Rapid developments in mobile light detection and ranging (LiDAR) scanning over the last 15 years have opened the door to many additional applications of the technology in a variety of environments, from city streets and railways to waterways and highways.
Advances in sensor electronics and hardware technology to process data have made mobile LiDAR scanning (MLS) systems more affordable, accurate, flexible, and easily deployable. Improvements in the speed and accuracy of positioning hardware—specifically global navigation satellite system (GNSS) receivers and inertial measurement unit (IMU) sensors—have made MLS an effective and efficient way to quickly capture high-resolution 3-D topographic data over large areas. Such factors have contributed to MLS increasingly being chosen as a go-to method for surveying, especially in the transportation sector.
Overall Benefits of LiDAR
Mobile LiDAR scanning can collect billions of data points at posted travel speeds. Because MLS equipment is mounted on a vehicle, the data-capture process can be accomplished with fewer people and in less time.
Professional surveyors equipped with a mobile LiDAR system can acquire data about the roadway, including signage, ground coverings, power lines, buildings, road markings, pavement surface, and geographic location, all without leaving their vehicle. Not only does this offer benefits to project efficiency, but overall safety as well. For survey crews this means less time in traffic and harm’s way, with fewer distractions and inconveniences to the public from survey equipment, traffic detours, or highway closures. During the COVID-19 pandemic, for instance, mobile scanning has been an ideal solution for social distancing measures, as it requires fewer workers to operate.
While time spent in the field is reduced, additional time is required for data processing. The value of having a rich, point cloud-based data set is that it can be processed to the level required for each project. Numerous software tools can be used to view the raw cloud data, load sections of the point cloud for collaborative work, and extract necessary data for specific project deliverables. Although MLS provides the accuracy required for preliminary work and final design, terrestrial surveying still provides the highest degree of precision. To accommodate this need, terrestrial survey files can be seamlessly merged with those from mobile scanning.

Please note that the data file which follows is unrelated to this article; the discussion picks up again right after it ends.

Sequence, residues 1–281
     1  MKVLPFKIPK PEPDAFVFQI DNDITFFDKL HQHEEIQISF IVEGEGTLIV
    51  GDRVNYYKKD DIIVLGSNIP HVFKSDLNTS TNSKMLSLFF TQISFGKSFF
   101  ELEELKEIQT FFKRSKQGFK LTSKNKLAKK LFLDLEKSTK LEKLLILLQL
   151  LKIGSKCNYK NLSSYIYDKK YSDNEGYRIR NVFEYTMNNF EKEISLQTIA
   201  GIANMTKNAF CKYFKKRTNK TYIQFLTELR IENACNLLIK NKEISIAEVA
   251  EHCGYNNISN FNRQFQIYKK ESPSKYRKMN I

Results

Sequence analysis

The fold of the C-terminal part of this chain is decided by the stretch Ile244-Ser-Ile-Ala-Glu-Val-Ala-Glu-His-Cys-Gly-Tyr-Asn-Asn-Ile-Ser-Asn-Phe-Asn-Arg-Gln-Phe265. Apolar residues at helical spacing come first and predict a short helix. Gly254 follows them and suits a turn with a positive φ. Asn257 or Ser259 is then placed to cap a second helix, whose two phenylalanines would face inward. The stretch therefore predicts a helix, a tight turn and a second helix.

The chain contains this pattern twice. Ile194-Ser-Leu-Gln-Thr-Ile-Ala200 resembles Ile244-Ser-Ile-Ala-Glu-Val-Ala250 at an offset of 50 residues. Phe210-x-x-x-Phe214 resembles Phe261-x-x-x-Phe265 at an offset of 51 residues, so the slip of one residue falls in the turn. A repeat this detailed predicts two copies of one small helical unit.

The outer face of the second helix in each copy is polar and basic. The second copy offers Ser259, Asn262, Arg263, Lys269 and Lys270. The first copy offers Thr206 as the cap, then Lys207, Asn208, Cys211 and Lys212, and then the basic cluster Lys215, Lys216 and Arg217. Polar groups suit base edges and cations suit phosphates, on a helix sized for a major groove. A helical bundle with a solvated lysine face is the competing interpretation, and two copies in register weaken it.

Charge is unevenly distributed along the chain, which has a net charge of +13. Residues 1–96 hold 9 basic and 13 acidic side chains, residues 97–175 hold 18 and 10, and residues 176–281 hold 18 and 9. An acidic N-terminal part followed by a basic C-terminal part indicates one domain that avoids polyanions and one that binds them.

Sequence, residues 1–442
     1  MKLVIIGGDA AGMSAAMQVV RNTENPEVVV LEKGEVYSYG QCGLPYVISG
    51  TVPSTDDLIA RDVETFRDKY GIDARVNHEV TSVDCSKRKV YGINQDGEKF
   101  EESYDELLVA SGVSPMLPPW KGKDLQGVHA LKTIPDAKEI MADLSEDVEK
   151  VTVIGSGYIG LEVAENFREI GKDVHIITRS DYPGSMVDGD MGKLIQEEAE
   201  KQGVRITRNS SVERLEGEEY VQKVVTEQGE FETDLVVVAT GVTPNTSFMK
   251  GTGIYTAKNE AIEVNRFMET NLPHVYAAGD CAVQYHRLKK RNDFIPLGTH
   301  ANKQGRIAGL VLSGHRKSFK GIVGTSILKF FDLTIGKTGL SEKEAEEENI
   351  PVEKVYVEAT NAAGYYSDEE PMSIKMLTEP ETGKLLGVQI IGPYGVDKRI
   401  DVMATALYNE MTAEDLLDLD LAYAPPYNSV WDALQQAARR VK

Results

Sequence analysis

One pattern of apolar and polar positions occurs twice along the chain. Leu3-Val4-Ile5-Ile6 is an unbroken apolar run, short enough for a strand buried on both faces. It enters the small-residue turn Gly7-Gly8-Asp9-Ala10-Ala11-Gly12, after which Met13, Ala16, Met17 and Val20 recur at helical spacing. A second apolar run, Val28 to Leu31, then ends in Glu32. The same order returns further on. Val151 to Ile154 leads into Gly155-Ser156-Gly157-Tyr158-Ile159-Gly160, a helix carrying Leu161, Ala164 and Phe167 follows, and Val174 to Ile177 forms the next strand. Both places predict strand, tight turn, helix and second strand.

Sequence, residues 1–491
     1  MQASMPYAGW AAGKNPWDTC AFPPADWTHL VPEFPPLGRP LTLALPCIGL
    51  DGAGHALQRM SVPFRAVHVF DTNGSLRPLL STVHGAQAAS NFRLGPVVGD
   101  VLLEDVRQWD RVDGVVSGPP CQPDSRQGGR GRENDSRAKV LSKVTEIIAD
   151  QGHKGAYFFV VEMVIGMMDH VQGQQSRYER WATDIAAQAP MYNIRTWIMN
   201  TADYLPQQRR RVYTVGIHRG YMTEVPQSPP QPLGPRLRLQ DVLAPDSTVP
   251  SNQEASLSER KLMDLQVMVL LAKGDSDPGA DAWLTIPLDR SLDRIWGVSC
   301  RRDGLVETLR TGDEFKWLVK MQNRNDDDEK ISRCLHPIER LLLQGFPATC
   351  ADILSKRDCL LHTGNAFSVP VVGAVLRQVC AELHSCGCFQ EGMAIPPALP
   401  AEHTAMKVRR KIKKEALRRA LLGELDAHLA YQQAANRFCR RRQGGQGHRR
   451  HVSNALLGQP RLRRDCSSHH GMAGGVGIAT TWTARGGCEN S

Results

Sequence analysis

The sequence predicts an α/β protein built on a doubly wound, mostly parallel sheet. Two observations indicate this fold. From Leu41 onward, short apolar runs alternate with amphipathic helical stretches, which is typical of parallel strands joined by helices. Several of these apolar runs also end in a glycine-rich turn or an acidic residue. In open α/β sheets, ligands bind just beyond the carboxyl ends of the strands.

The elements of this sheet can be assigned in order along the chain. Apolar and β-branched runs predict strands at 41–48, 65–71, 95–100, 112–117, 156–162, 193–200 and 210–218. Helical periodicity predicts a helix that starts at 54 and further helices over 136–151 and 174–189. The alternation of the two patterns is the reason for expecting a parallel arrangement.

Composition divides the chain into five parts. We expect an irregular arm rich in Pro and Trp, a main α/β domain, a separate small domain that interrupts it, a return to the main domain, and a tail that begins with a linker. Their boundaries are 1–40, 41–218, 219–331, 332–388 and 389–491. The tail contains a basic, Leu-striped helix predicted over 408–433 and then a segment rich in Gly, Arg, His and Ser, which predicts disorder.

Methods of Collection and System Specifications
MLS technology is highly adaptable to any type of transportation project, from ports and harbors to bridges and highways. For most transportation projects, the MLS system is mounted on a truck; however, it can also be mounted on a utility terrain vehicle or even a boat.
As an example, the system Foth has deployed, the RIEGL VMX-2HA, offers two high-accuracy LiDAR sensors and can utilize up to nine cameras, each configurable to the task at hand. The cameras can be configured to adapt to the task required. By the numbers, a high laser pulse repetition rate of up to 2 MHz helps produce 2 million measurements and 500 scan lines per second, while collecting data up to 420 meters away with a 360° field of view. The system can be easily configured using a smart geo-fence tool and distance measurement restrictions enabling the right area of coverage to best optimize collection and back office extraction.